In new flat roofs it’s becoming more and more common to undergo warm flat roof construction to abide by building regulations and save lots of money on your insulation costs. If you do not abide by the current building regulations, then you will not receive a building regulations compliance certificate which could affect the sale of your house should you wish to sell it.

So what is warm flat roof construction?

A warm flat roof is formed by placing a layer of insulation over the top of the roof structure. Due to the insulation being over the top of the roof, the timber structure beneath is warm, which is why the term ‘Warm Roof’ is formed.

Steve from London Flat Roofing explains how warm flat roof construction works in this excellent short video:

Building Regulations

When 50% or more of the roof’s waterproofing layer is removed and replaced this is called refurbishment. Part L of the Building Regulations states that the thermal efficiency of a refurbished roof be brought up to current standard if it doesn’t meet a minimum thermal performance. If your roof insulation doesn’t meet the minimum standards, it has to be upgraded! However, this does not apply if you are repairing your flat roof by overlaying with a new waterproof layer.

These factors can trigger part L of the building regulations document:

1. If you strip the covering of an old flat roof, you automatically trigger part L of the building regulations document.

2. If your current insulation is poor, then you trigger part L of the building regulations document.

3. If you are undergoing a domestic or a commercial rebuild, it must comply with part L of the building regulations document.

The aim of the document was to ensure buildings were constructed or modified to provide better energy efficiency and tackle the problem. As climate change research continued, Part L was further reviewed for England and Wales, to take effect from April 2006. The new goals of the document were to reduce CO2 emissions by 20% on new build dwellings and 27% on buildings other than dwellings, these reductions were taken from the baseline of 1990 and are thought to be achievable by 2010.

You can find a link to the building regulations document here.

What else?

In a warm flat roof construction, the insulation is positioned above the structural deck and no ventilation is required.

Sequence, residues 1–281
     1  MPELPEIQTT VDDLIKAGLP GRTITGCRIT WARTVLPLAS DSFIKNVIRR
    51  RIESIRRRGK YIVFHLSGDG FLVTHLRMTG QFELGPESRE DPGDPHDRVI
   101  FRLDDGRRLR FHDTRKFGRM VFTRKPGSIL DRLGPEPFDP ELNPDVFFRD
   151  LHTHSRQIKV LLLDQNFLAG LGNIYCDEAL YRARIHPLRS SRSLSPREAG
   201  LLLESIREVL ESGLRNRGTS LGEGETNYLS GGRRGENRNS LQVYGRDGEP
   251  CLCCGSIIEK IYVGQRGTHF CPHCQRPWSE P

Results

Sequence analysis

Throughout the course of the year the roof deck and all below it is kept at a temperature close to that of the inside of the building, therefore the roof structure is protected from extremes of hot and cold, lessening the potential for damage caused by thermal movement.

A warm deck also provides added protection from the dangers of condensation as the structure is kept warm, at a temperature above dewpoint, by the insulation above it. Therefore water vapour which enters the roof structure from the room below will not have a cold surface on which to condense. NHBC recommend that this type of roof be considered as the standard form of construction.

I hope this clears things up for you.

The R&D Team

2 Comments. Leave new

Martin Normanton
October 1, 2015 10:08 pm

hi Steve. In an earlier video you showed how to seal and insulate behind the fascia of a warm roof, so that you avoid condensation on the fascia, and even more importantly avoid cold air circulating between a warm roof and the ceiling below, which can completely defeat the aim of a warm roof. So far, so good. In my case I have a cold roof which needs re-roofing, and also several boards need replacing.One side has a fascia, one meets the house wall, and the other two have parapet walls in 9″ solid brick. So if I make the new roof a warm roof, insulation behind the fascia is straightforward, if fiddly, I “just” need to persuade the roofer to close and insulate the gaps between joists by taking off the old fascia and inserting pieces of rigid insulation between joists and use expanding foam to seal the insulation to the joists, roof board and wall (including the ceiling plasterboard to the thickness of the IWI in the room below). MY QUESTION therefore concerns the detail at the solid parapet walls. Presumably these also should be insulated in the same manner, as otherwise they form a classic cold bridge in a ring all around two sides of the roof. In this case I have no access from the outer side, unlike the fascia side of the roof, so the way I envisage doing it is to remove about 300mm of roof board along both walls, and work from above. Fit a 150mm strip of new roofing board all along, so that the expanding foam has something to seal to, then insert pieces of 100mm foil faced Celotex in each joist space and seal with expanding foam. And finally fit new roof board to close the remaining strip of removed board. A lot of fiddly work, SO DO YOU HAVE ANY ALTERNATIVE IDEAS? I don’t want to remove part of the ceiling and work from below, as the room is in use as our kitchen-dining room, and also sealing with expanding foam is more difficult working from below.

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Martin Normanton
October 1, 2015 10:16 pm

Sorry, I mean hi Danny, in the video by Steve of London Roofing, he shows…

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